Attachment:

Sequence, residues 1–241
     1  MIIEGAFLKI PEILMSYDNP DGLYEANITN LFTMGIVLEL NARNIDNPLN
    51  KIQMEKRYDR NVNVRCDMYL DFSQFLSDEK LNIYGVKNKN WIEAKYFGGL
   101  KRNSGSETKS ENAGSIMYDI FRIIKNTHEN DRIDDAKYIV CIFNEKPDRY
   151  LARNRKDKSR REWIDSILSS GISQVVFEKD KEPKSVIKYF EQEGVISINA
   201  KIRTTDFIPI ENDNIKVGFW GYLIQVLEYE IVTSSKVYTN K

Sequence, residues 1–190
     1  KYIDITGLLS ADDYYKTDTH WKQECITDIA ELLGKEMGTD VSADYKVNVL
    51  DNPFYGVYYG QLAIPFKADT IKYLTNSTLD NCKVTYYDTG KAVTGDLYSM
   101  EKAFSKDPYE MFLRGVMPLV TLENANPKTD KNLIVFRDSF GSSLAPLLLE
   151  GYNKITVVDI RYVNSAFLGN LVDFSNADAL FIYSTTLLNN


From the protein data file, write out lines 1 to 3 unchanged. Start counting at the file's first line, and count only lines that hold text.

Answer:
Sequence, residues 1–241
     1  MIIEGAFLKI PEILMSYDNP DGLYEANITN LFTMGIVLEL NARNIDNPLN
    51  KIQMEKRYDR NVNVRCDMYL DFSQFLSDEK LNIYGVKNKN WIEAKYFGGL